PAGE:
A rumor that Facebook planned to shut down its site on March 15 made the rounds earlier this year, claiming CEO Mark Zuckerberg “wants his old life back” and desires to “put an end to all the madness.” A Facebook spokesperson later debunked the rumor, saying “the answer is no, so please help us put an end to this silliness.”

5. Morgan Freeman Death Rumors

Social media occasionally circulates false celebrity death rumors, but the alleged news about actor Morgan Freedman's passing in August took on a life of its own. His fake Facebook tribute pageraked in nearly 1 million Likes, and the rumors picked up again in October, when people on social networks shared their condolences.

6. Bieber Naked Photos

Justin Bieber was the subject of yet another hoax this year, and this time he was the one behind it.

To grow hype around his new song “Beauty and the Beat,” Justin Bieber tweeted that someone stole his laptop. However, the singer confronted someone claiming to be the thief on Twitter, who said they would release big news and a controversial video online the next day. It turned out to be a marketing ploy.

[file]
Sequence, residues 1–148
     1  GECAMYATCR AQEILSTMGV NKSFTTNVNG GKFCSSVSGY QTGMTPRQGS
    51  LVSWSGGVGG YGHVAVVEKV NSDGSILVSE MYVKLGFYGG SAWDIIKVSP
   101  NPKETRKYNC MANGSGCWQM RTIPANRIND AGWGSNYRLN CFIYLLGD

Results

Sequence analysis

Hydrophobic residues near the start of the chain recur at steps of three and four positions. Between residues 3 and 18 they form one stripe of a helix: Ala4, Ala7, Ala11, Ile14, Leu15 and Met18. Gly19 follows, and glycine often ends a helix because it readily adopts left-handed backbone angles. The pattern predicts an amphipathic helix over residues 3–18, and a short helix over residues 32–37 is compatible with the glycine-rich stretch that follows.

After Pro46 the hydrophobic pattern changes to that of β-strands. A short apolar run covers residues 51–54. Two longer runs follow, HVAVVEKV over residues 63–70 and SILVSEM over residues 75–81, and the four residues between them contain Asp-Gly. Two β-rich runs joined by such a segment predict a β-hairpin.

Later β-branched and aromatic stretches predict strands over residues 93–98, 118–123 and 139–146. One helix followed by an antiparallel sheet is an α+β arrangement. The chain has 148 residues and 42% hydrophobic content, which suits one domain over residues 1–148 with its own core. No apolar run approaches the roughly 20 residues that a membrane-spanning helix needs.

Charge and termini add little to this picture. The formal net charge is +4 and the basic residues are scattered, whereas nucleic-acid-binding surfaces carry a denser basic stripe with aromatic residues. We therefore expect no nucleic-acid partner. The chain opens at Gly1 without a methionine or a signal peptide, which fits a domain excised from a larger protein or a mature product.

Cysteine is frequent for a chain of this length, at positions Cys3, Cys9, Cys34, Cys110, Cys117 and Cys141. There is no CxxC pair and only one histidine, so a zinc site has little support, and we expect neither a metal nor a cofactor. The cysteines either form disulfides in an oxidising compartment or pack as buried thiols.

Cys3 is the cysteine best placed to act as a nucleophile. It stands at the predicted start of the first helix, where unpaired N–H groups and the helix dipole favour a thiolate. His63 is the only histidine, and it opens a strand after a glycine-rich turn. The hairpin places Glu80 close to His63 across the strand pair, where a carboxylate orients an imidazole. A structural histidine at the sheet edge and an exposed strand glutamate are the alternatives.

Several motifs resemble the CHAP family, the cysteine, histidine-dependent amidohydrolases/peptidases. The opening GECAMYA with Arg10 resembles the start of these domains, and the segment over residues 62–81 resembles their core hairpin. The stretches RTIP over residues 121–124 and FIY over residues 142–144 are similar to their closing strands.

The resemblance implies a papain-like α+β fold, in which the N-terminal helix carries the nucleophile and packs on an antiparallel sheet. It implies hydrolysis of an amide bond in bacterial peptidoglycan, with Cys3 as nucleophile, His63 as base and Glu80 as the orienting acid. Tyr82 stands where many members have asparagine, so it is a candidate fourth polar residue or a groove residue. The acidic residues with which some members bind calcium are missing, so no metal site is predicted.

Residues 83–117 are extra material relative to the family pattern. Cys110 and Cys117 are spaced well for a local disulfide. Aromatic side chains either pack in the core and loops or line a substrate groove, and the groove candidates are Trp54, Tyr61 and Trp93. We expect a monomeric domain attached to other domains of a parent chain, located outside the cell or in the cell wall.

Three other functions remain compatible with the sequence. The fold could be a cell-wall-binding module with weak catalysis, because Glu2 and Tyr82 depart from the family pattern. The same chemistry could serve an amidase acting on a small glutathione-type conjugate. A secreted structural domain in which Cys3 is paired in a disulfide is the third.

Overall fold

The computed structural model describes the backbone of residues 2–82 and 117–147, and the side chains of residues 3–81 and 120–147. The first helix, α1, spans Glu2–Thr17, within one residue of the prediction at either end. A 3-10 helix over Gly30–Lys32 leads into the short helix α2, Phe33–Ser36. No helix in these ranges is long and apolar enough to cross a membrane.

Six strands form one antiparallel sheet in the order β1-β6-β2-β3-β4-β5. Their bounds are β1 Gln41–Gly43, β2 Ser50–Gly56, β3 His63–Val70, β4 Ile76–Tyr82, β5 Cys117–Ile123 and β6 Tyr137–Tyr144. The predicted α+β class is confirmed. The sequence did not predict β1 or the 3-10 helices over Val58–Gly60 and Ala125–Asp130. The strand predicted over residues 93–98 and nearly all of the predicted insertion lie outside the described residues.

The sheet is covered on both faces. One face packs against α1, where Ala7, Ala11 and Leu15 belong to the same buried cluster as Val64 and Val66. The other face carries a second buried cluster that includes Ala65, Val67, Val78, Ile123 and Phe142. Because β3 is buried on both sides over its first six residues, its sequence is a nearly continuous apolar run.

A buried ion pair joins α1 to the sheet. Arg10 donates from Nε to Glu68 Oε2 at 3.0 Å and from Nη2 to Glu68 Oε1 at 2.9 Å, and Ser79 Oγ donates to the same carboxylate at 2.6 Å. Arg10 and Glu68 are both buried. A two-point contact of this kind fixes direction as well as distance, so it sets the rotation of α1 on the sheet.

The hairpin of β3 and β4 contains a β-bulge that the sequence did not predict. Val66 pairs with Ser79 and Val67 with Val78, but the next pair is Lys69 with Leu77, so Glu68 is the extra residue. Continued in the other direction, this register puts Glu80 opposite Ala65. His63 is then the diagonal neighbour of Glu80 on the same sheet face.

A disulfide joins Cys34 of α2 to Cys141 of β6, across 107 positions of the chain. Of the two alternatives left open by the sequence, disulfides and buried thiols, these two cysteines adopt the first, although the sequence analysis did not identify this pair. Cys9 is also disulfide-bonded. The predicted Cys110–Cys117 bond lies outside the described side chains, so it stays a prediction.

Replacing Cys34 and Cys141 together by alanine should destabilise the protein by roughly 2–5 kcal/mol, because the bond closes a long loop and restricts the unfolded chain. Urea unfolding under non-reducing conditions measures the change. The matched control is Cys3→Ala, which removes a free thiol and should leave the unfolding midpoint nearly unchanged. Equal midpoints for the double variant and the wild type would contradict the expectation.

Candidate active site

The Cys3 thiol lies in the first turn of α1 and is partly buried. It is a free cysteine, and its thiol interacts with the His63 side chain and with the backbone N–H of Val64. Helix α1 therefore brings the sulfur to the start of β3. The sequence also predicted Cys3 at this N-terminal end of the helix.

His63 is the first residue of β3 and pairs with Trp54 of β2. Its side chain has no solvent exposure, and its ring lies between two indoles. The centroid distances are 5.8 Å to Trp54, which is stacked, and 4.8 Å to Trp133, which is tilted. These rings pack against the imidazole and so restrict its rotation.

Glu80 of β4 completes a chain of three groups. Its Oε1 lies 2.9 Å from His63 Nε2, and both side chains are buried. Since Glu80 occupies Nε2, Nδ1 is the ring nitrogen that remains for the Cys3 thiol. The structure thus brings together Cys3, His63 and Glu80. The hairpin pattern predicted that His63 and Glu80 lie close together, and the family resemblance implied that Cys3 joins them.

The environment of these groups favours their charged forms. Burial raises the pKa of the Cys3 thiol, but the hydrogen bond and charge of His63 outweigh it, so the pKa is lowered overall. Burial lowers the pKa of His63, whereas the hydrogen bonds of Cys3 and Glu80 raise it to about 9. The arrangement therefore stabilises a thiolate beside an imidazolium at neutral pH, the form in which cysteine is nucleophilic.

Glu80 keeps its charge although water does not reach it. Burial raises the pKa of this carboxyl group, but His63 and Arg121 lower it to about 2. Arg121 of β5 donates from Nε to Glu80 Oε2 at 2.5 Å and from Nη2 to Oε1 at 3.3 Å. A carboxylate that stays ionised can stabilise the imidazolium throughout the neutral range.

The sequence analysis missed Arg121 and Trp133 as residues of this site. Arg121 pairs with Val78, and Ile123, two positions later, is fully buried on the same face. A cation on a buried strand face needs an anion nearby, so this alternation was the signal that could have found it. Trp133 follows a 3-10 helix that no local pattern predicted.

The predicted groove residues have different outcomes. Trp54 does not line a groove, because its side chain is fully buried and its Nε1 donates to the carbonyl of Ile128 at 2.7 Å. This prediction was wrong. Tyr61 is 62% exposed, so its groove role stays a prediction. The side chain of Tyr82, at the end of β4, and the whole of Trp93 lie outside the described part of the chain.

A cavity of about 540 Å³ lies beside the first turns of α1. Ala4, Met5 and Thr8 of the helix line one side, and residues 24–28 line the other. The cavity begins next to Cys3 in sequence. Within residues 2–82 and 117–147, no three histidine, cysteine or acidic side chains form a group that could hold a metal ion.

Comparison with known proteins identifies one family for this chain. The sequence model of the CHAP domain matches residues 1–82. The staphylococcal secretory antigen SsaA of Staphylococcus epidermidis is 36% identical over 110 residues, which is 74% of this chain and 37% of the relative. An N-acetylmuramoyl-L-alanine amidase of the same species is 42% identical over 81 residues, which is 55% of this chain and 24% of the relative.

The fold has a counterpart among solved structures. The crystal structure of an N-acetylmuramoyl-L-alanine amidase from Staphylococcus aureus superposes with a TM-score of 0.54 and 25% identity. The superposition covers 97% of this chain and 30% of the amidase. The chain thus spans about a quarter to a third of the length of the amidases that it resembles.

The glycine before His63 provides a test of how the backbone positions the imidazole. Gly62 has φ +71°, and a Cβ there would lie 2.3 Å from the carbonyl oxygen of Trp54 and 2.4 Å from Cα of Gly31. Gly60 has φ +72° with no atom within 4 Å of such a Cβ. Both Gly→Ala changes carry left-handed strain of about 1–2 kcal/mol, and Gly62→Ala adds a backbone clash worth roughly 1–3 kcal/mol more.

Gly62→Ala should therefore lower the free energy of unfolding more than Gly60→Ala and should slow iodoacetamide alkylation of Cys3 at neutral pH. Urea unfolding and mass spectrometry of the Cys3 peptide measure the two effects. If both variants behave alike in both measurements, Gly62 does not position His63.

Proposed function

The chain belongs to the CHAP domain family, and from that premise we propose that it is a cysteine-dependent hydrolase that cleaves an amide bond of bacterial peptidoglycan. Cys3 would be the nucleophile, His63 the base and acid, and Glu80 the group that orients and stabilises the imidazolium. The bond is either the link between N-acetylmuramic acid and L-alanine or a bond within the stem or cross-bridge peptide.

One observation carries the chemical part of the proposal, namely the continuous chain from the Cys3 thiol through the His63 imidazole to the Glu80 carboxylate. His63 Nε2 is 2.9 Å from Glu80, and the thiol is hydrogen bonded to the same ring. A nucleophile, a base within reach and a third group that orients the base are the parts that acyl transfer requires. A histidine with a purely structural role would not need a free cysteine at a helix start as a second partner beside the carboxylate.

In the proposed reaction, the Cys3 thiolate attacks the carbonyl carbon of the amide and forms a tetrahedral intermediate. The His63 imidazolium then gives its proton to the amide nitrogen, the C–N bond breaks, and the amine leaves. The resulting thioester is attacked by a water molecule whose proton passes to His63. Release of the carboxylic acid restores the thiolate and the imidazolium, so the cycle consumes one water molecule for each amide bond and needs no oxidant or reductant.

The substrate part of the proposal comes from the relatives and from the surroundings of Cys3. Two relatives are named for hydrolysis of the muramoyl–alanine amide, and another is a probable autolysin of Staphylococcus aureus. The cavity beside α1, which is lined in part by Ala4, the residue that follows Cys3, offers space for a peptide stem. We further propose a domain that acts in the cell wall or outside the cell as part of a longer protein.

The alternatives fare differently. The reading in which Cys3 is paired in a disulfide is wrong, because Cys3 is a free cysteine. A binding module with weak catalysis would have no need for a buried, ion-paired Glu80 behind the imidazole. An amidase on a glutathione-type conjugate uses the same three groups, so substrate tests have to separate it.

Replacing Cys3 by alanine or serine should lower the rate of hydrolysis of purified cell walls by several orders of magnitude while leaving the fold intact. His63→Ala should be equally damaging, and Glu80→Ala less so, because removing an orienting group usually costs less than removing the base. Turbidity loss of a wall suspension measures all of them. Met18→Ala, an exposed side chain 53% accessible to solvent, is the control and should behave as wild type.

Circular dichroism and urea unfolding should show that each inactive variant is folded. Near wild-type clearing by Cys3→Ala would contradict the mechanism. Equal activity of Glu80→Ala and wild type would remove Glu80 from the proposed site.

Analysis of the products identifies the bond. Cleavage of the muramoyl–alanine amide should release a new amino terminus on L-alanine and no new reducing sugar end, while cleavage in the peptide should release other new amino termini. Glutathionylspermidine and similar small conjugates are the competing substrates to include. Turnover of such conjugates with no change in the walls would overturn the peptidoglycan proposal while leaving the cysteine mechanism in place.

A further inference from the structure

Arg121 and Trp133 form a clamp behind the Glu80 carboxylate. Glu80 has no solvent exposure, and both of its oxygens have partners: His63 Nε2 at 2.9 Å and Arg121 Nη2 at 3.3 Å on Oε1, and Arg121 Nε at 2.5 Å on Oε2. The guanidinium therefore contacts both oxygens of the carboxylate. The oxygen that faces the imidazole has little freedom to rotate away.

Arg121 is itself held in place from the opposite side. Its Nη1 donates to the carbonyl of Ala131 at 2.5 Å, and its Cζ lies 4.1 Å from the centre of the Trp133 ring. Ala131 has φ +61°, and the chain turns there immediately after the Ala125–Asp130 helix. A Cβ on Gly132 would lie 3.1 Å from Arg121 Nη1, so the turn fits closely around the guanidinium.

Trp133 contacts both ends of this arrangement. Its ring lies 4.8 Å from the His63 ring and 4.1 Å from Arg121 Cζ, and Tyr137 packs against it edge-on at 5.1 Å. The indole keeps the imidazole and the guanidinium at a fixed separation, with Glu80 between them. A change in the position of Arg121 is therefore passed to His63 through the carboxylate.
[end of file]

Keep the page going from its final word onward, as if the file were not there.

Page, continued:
But the news ushered in a wave of security concerns. Some cybercriminals set phishing traps and lure unsuspecting consumers to click on malicious links based around pop culture news, especially when leaked photos are involved. And this is precisely what happened.

7. Facebook Privacy Status Update

In June, a fake"Facebook Privacy Notice"took the social network by storm, urging users to re-post a message that would allegedly protect their privacy. The concept was based around the faux notion that the company's IPO would affect user privacy. Facebook members were quick to share the post, and before we knew it, the false claim had overtaken the site.

8. Fake Kidnapping

When a 16-year-old girl from New Jersey tweeted that someone was in her house and then mysteriously disappeared, Twitter users rallied around her message. Not only did #HelpFindKara trend worldwide on Twitter, nearly 34,000 people retweeted her call for help. But police discovered she actually faked her own kidnapping.

The news didn't sit well with the Internet — many said they were"disgusted"with her tweet, which caused fear in so many people. Police later found her walking alongside a highway and returned her safely to family.